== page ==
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Her father, old king Leir, this while
With his two daughters staid;
Forgetful of their promis'd loves,
Full soon the same decay'd;
And living in queen Ragan's court,
The eldest of the twain,

She took from him his chiefest means,
And most of all his train.

For whereas twenty men were wont
To wait with bended knee:
She gave allowance but to ten,

And after scarce to three:

Nay, one she thought too much for him:

So took she all away,

In hope that in her court, good king,
He would no longer stay.

Am I rewarded thus, quoth he,

In giving all I have

Unto my children, and to beg

For what I lately gave?
I'll go unto my Gonorell;
My second child, I know,
Will be more kind and pitiful,
And will relieve my woe.

Full fast he hies then to her court;
Where when she hears his moan
Return'd him answer, that she griev'd
That all his means were gone:

But no way could relieve his wants;
Yet if that he would stay

Within her kitchen, he should have
What scullions gave away.

When he had heard with bitter tears,
He made his answer then;
In what I did let me be made

Example to all men.

I will return again, quoth he,
Unto my Ragan's court;

She will not use me thus, I hope,

But in a kinder sort.

Where when he came, she gave command

To drive him thence away:

When he was well within her court,

(She said) he would not stay.

Then back again to Gonorell

The woeful king did hie,
That in her kitchen he might have
What scullion boys set by.

But there of that he was deny'd,
Which she had promis'd late:
For once refusing, he should not
Come after to her gate.

Thus 'twixt his daughters, for relief
He wander'd up and down;
Being glad to feed on beggar's food,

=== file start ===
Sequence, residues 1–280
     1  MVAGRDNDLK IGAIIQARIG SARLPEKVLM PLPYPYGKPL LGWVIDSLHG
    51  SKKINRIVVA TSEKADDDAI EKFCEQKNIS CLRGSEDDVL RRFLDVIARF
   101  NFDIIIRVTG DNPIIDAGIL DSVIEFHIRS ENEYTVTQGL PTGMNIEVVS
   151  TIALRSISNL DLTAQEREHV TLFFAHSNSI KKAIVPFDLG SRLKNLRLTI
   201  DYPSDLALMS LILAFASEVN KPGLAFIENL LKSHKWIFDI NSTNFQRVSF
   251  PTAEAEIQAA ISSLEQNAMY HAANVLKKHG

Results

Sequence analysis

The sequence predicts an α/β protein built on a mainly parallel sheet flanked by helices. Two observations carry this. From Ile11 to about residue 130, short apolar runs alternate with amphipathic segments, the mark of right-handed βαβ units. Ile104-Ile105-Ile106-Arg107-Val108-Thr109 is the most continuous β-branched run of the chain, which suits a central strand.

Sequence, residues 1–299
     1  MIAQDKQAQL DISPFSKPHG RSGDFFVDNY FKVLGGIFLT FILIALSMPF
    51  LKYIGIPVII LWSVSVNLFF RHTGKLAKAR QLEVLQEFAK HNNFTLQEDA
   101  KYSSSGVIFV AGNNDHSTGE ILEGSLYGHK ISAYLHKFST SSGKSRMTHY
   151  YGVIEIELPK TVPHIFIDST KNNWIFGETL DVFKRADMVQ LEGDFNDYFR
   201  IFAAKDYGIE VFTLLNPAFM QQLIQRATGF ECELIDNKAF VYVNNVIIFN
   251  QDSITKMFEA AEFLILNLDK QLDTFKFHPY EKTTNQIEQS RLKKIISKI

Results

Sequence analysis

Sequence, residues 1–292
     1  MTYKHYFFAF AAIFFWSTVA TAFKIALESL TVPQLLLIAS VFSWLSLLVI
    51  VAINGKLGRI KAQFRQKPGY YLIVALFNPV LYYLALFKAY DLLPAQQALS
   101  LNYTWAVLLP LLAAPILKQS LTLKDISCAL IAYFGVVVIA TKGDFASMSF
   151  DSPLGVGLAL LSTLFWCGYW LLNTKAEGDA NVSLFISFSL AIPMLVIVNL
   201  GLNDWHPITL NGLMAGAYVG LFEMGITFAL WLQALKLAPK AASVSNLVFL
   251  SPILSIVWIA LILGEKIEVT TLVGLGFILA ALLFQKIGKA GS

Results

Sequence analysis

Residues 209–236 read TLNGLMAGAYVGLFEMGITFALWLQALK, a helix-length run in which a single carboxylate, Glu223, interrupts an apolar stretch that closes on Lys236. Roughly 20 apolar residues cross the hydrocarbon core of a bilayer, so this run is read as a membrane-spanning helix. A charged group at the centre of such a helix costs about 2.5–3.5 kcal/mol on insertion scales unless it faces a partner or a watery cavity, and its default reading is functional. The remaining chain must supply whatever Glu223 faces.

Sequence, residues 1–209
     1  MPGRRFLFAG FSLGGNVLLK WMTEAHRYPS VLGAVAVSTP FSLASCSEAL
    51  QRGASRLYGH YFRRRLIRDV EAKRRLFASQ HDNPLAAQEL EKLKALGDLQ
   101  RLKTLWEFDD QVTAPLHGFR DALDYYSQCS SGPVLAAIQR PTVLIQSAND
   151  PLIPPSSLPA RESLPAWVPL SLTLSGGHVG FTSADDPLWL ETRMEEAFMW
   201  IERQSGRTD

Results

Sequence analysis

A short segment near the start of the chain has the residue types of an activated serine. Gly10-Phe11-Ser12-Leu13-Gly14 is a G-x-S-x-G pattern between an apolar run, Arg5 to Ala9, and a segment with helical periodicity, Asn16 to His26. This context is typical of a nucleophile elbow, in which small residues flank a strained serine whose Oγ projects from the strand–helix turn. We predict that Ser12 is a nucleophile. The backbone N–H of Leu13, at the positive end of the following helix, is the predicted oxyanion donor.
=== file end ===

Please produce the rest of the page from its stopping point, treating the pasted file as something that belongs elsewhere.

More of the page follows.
That lately wore a crown.

And calling to remembrance then
His youngest daughter's words,
That said, the duty of a child
Was all that love affords:
But doubting to repair to her,
Whom he had banish'd so,
Grew frantic mad; for in his mind
He bore the wounds of woe.

Which made him rend his milk-white locks, And tresses from his head,

And all with blood bestain his cheeks,

With age and honour spread:

To hills and woods and wat'ry founts,

He made his hourly moan,

Till hills and woods, and senseless things,

Did seem to sigh and groan.

Even thus possest with discontents,
He passed o'er to France,

In hope from fair Cordelia there

To find some gentler chance:

Most virtuous dame! which when she heard

Of this her father's grief,

As duty bound, she quickly sent

Him comfort and relief.

And by a train of noble peers,

In brave and gallant sort,

She gave in charge he should be brought
To Aganippus' court;

Whose royal king, with noble mind,
So freely gave consent,

To muster up his knights at arms,
To fame and courage bent.

And so to England came with speed,

To repossess king Leir,

And drive his daughters from their thrones By his Cordelia dear:

Where she, true-hearted noble queen,

Was in the battle slain :

Yet he, good king, in his old days,
Possest his crown again.

But when he heard Cordelia's death,
Who died indeed for love

Of her dear father, in whose cause
She did this battle move;
He swooning fell upon her breast,
From whence he never parted;

But on her bosom left his life,
That was so truly hearted.

The lords and nobles when they saw

'The end of these events,

The other sisters unto death

They doomed by consents;

And being dead, their crowns they left

Unto the next of kin :

Thus have you seen the fall of pride,

And disobedient sin.


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Knights attending on the King, Officers, Messengers,

Soldiers, and Attendants.

SCENE, Britain.

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